RIDk. In our proposed protocol we prevent from announcing the amount of
RIDkthrough the protocol. Although this will result in increasing the amount of computation in 4.2 and 4.3 steps of the protocol as depicted in Fig. 3, the attacker will never be able to access the correct value for
RIDk. It should be mentioned that we enhance the immunity of our proposed protocol by creating complexity in the back-end server, but in an RFID system the back-end server is equipped with powerful processor [12]. Therefore, the performance of our improved protocol is not so much affected compared with the SRTA protocol.
So, in our proposed protocol, the barrier against tracing is raised through the use of random numbers and anonymity.
Desynchronization Attack Resistance
In desynchronization attack, the adversary forces the tag and the reader to update their secret values to different ones. So, they will not authenticate each other in further transactions. In an RFID authentication protocol, the adversary can perform this attack via various approaches including blocking exchanged messages between the tag and the back-end server and impersonating the tag and the reader [20]. In our proposed protocol an attacker is permitted to eavesdrop the transmitted messages {
A, B, C, D,E,F,
G,T1, T2
} between the elements of an RFID system. Moreover, he/she is able to alter the message
Gto
G’, which results in updating the secret values in the back-end server, but the tag will not accept the received message from a legal element. Therefore, the tag leave the protocol without updating its secret values. Even though, this will result in DoS attack in the SRTA protocol, our protocol is secure against this vulnerability. In our protocol, an adversary is not able to forge the  tag and  the  reader to  update their  secret
Table 1. Security level comparisons among the discussed protocol

  
              Feature         
  Protocols
F1 
 
F2 F3 F4 F5
Cho et al. [14] NO YES NO NO NO
Srivastava et al. [5] NO YES NO NO YES
Li et al. [6] YES NO NO YES NO
Our protocol YES YES YES YES YES

F1
: Provision of mutual authentication
F2
: Provision of synchronized secret
F3
: Protection of data privacy
F4
: Prevention of reader stolen/lost attack
F5
: Prevention of impersonation attack
Table 2. Performance features of various protocols

  
       Feature
 
  Protocols
complexity of tag computation 
 
complexity of reader computation 
 
Communication rounds 
 
Srivastava et al. [5] 5H+RNG RNG 5
Li et al. [6] 3H+RNG RNG 5
Our protocol 3H+RNG RNG 5

H hash function, RNG random number generator
values, because of storing two values of
IDkin the back-end server, which prevent desynchronization between the tag and the back-end server. As it is shown in Fig. 3, if the attacker blocks the protocol in step 5.5 by changing the value of
Gin a session, the back-end server will still be able to diagnose the legitimate tag, which is the result of storing two last values for
IDkand
sj.
Tag/Reader impersonation Attack Resistance
Tag (Reader) impersonation attack is a forgery attack, in which an RFID system accepts a spoofed tag (reader) as a legitimate tag (reader). In our improved protocol, there is not any likeness between the message
Cand
D, therefore the attacker is not able to use the last stored message
Cin the present session which resulted in preventing the tag impersonation attack. On the other hand, because of the new exposure of
Band
D, an adversary is not able to build the messages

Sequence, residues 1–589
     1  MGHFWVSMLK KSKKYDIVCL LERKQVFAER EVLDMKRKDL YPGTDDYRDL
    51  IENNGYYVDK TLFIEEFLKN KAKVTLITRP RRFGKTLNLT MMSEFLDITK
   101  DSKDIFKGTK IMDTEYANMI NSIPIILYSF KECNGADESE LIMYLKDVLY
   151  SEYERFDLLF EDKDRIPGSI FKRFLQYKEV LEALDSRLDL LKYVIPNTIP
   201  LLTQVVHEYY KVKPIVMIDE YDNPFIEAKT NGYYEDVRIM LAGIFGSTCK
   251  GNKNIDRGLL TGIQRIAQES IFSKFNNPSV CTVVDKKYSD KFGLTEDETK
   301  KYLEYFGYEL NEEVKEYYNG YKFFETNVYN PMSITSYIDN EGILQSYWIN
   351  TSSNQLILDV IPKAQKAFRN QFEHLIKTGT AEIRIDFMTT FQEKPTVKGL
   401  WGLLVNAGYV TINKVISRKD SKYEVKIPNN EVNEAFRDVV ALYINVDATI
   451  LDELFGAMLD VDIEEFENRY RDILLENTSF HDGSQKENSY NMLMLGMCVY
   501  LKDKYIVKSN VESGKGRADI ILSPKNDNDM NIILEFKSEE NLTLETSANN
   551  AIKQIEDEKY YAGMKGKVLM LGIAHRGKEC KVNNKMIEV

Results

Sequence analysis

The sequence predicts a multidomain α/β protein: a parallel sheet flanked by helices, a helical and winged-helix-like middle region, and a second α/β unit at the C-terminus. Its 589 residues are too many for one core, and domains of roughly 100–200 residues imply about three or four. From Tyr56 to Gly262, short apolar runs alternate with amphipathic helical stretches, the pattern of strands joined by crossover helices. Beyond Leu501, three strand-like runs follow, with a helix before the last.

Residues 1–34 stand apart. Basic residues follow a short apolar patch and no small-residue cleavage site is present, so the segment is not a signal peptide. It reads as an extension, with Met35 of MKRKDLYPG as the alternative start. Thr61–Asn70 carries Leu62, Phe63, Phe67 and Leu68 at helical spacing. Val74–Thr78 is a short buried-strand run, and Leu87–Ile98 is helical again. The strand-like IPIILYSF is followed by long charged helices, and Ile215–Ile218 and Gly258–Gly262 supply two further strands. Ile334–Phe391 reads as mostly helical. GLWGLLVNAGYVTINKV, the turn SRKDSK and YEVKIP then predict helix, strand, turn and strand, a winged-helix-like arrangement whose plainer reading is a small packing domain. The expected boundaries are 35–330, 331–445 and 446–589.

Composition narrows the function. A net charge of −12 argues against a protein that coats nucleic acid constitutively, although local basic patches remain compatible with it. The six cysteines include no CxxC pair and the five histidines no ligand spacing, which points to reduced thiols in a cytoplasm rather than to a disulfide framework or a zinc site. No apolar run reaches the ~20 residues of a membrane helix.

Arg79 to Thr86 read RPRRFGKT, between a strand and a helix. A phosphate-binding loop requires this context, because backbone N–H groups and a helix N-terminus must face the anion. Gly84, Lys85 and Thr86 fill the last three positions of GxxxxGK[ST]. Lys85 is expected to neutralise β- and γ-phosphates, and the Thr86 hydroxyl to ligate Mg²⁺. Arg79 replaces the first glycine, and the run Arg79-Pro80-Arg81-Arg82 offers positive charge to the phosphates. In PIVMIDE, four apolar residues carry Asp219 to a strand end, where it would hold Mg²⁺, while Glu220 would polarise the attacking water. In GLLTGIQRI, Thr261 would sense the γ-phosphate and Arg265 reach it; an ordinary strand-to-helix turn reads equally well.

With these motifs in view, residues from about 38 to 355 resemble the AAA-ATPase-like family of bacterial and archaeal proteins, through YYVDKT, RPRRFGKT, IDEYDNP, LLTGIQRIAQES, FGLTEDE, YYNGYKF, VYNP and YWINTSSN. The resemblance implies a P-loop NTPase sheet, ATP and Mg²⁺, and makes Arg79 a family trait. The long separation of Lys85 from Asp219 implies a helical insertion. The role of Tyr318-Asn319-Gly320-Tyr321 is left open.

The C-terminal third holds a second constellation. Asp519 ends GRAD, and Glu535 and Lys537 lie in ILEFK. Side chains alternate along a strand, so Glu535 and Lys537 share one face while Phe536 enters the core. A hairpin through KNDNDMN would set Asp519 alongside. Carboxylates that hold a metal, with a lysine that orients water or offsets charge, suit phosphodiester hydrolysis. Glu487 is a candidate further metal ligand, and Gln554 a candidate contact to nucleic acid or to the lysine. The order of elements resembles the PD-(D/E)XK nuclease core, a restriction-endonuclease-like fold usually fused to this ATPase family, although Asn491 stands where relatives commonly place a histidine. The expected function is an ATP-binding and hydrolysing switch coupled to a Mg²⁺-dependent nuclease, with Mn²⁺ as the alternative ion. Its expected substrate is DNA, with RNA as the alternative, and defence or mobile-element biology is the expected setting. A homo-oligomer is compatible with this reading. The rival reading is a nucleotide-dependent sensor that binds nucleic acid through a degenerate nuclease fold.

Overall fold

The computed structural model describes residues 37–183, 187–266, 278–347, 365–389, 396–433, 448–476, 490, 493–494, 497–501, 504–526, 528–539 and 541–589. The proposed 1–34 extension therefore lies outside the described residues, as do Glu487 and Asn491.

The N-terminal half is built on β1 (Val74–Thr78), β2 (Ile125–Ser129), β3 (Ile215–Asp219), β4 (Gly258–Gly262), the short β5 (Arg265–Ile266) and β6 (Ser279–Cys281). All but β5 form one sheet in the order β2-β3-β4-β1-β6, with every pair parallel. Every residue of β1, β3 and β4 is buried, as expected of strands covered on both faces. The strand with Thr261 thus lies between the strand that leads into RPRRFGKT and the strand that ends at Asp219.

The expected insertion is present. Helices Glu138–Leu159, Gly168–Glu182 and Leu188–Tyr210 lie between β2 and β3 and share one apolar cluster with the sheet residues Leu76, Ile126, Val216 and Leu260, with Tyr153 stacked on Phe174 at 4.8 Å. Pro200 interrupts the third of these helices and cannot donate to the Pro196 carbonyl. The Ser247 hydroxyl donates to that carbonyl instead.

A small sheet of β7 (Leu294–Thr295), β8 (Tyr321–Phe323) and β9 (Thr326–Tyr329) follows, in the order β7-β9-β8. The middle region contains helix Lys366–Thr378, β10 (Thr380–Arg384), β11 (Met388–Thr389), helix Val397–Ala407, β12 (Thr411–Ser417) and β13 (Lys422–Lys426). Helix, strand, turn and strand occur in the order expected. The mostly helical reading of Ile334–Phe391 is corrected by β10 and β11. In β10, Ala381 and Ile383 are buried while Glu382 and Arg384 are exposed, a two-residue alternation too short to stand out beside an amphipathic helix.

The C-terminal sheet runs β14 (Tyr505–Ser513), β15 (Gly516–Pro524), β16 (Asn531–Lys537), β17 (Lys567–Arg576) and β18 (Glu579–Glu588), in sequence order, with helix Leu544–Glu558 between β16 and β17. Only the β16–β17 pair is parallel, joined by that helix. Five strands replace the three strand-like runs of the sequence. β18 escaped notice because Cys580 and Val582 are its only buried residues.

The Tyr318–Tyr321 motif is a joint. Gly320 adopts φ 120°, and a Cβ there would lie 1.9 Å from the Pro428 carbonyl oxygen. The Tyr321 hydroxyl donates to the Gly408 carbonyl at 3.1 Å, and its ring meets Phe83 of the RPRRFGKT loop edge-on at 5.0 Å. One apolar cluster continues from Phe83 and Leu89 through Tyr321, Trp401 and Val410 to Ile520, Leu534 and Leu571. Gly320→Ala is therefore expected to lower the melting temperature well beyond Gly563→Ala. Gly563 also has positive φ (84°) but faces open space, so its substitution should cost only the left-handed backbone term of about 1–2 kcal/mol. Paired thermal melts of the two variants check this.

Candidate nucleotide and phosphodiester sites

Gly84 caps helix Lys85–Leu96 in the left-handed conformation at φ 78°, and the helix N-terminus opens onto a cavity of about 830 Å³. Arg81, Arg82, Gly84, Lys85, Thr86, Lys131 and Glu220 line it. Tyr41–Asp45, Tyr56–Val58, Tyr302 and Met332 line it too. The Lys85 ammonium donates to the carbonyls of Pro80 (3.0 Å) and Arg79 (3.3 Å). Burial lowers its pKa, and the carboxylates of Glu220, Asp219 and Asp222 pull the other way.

Band
Dfrom
Aand
C. Furthermore, because of updating the secret values and generation of new random variables in each session, the eavesdropped messages from the last session are not acceptable in the new session.
6.1 Performance analysis of our proposed protocol
In this section, we present the performance analysis of our proposed authentication protocol and compare it with Li et al. [9], Srivastava et al. [8] and Cho et al.’s protocol [24] in terms of immunity against different attacks. As our improved protocol is based on the framework of the existing protocol, there is not so much difference in structure between the SRTA and proposed protocol. In Table 1, our improved protocol is compared with some similar protocols. As it can be seen, the proposed protocol solves the drawbacks in the existing protocols and provides security against the mentioned attacks including traceability, impersonation, mutual authentication and DoS. In addition, in Table 2, the efficiency of the proposed protocol is compared with the analyzed protocols, by comparing its computational cost. The improved protocol is consisted of three hash functions and one RNG in the tag side which are the same as the SRTA protocol, while it reduces two hash functions computation in the tag compared with the Sirvastava et al.’s protocol. As it can be seen in Table 2, all of the analyzed protocols included one RNG in the reader and they are consisted of five communication rounds. Therefore, privacy analysis shows without increasing the computational cost, our improved protocol removes all privacy concerns and provides secure and confidential communications for RFID users.
7. Conclusion
RFID Technology is rapidly developing and its applications are spreading in different fields, but providing their security and privacy is the goal of researchers in recent years. In this paper, we analyzed a hash based RFID protocol in TMIS, proposed by Li et al.. They claimed that their protocol provides privacy requirements for RFID systems. However, this paper showed that Li et al.’s protocol is still vulnerable to traceability, tag impersonation and DoS attacks and to fix the aforementioned weaknesses, we have proposed an improvement, which fixes the weak features of their protocol for healthcare environments. Finally, the computational complexity and the performance of the proposed protocol is compared with discussed protocols.